The Valiant (The Valiant #1) by Lesley Livingston

Posted: March 4, 2017 in Book Review
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“I punched my fists skyward in victory before sweeping my arms out to either side, stretched wide as wings. I felt for that fleeting instant as if I really were the goddess Morrigan in flight, swooping low over a battlefield to collect the souls of the glorious dead.”

About :

Fallon is a Celtic Princess with an ax to grind: Julius Caesar killed her warrior-sister in his battle to conquer Britain (or Prydain, as the Celts call it) and Fallon trains to one day get revenge on the Roman conqueror. But when her father betroths her to her boyfriend’s brother, instead of asking her to join his royal war band, she’s sure she’ll never get the chance after all.

While tracking down her betrothed to confront him, Fallon’s life takes another sharp left turn: slavers capture her and bring her to Rome, where her greatest enemy, Caesar, buys her for his gladiatrix training academy. While Fallon’s Cantii spirit still cries for freedom, she trusts the will of her goddess and trains hard to become the best gladiatrix in Rome. The Valiant is YA Alternate History authored by Lesley Livingston and published February 14th 2017 by Razorbill.

Thoughts :

The Valiant opens with Fallon successfully completing the fabled chariot stunt known as the Morrigan’s Flight, wherein a warrior steps from the chariot’s carriage to the shaft between the running horses and hurls a spear at her target. This lushly detailed and action-filled opening sets the tone for the rest of the book. The first third sucks readers into Fallon’s journey from Roman Britain to Rome itself with the thrum of chariot wheels, the stench of corpse-fouled wells and the chill of the metal torcs that mark you as royalty—or slave.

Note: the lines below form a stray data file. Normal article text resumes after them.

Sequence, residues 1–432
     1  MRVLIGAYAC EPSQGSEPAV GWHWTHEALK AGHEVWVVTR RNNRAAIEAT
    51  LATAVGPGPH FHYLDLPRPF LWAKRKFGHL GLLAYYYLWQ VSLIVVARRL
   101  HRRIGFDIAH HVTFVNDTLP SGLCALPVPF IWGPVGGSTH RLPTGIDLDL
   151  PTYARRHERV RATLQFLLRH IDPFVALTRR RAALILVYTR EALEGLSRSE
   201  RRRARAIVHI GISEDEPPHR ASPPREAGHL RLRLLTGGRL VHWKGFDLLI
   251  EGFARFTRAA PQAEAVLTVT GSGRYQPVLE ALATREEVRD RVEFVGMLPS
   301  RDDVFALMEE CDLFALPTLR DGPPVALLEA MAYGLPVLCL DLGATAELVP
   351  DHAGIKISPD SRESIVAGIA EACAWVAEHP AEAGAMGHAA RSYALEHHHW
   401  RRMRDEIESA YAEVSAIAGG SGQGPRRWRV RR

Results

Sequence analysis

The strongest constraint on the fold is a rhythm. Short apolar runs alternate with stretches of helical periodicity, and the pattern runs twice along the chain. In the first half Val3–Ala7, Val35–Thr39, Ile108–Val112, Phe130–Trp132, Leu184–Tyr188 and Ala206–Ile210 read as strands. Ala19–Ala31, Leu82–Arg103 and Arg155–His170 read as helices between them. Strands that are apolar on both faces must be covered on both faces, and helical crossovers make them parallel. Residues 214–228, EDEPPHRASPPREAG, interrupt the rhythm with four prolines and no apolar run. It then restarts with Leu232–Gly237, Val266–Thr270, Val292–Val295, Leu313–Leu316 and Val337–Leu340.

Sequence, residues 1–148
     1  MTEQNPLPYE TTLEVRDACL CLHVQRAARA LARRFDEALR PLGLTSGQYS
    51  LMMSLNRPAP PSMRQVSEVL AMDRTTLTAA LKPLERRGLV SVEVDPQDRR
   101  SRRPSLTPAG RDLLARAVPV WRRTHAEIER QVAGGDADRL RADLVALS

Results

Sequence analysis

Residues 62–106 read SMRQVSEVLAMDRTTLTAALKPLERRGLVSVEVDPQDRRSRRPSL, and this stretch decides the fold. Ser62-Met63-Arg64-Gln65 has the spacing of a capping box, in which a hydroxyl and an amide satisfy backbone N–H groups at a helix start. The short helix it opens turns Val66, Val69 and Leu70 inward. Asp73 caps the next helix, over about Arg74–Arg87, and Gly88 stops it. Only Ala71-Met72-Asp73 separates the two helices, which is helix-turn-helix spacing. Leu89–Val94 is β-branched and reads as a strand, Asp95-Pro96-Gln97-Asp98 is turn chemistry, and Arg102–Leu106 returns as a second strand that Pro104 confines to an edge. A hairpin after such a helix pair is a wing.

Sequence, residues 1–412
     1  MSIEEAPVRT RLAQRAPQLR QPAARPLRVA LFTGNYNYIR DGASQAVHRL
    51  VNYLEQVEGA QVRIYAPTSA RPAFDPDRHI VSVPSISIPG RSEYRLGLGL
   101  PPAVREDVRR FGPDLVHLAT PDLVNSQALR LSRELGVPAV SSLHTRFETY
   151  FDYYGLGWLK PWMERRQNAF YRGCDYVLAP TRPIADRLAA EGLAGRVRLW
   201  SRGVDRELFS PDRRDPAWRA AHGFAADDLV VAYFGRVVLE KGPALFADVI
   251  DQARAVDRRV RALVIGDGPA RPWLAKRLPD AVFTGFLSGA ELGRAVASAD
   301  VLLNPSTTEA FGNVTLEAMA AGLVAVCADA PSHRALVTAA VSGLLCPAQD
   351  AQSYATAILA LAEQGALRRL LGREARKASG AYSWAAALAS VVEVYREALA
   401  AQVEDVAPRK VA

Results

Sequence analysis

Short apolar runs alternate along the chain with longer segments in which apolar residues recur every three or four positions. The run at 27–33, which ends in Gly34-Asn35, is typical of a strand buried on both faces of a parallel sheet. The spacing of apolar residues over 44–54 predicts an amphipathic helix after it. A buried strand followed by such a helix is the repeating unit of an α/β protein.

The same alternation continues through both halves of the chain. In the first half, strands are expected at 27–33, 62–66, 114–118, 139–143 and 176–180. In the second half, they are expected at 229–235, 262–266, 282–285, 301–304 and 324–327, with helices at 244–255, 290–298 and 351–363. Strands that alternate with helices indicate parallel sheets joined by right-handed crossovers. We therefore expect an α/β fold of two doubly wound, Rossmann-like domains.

Then we reach the promise of the premise: Caesar buys Fallon for his gladiatrix training school. The “school” trope is one of my favorites in YA, and this very trope is the “twist” that makes The Valiant an alternate history: though rare, individual female gladiators did exist; but Livingston imagines elite training schools to prepare the female warriors for the Colosseum battles. As in the first third of The Valiant, Livingston brings this premise alive with great details.

One of my favorite examples: when Fallon is training for the Colosseum, she analyzes the different styles and strategies of gladiatorial combat, such as what classes of gladiator the women belong to, depending on their weapons—and what Hunger-Games-like strategies they use to please the crowd of spectators:

Gratia fought in the style of the murmillo gladiators, with sword and heavy shield. It suited her physique—and her penchant for thoughtless brutality—and made her something of a force to be reckoned with in the arena. It also compensated for her utter lack of personality.

And that was something that the masters of the ludi, the gladiatorial games, coveted above all else.


The rest of the plot feels a little stringy and predictable to me, but Fallon’s journey to the school and her struggles there draw the real focus anyway.

And although the character psychology doesn’t always ring true, the politics of identity, race and culture give strong flavor to character interactions and agendas. For example, Fallon chafes against her bondage, disgusted by the idea of battling to satisfy this foreign Roman bloodlust; she can’t understand how the Romans can stomach forcing their slaves to fight like animals. But she also realizes that her tribe and family kept, worked and sold slaves just like the Romans: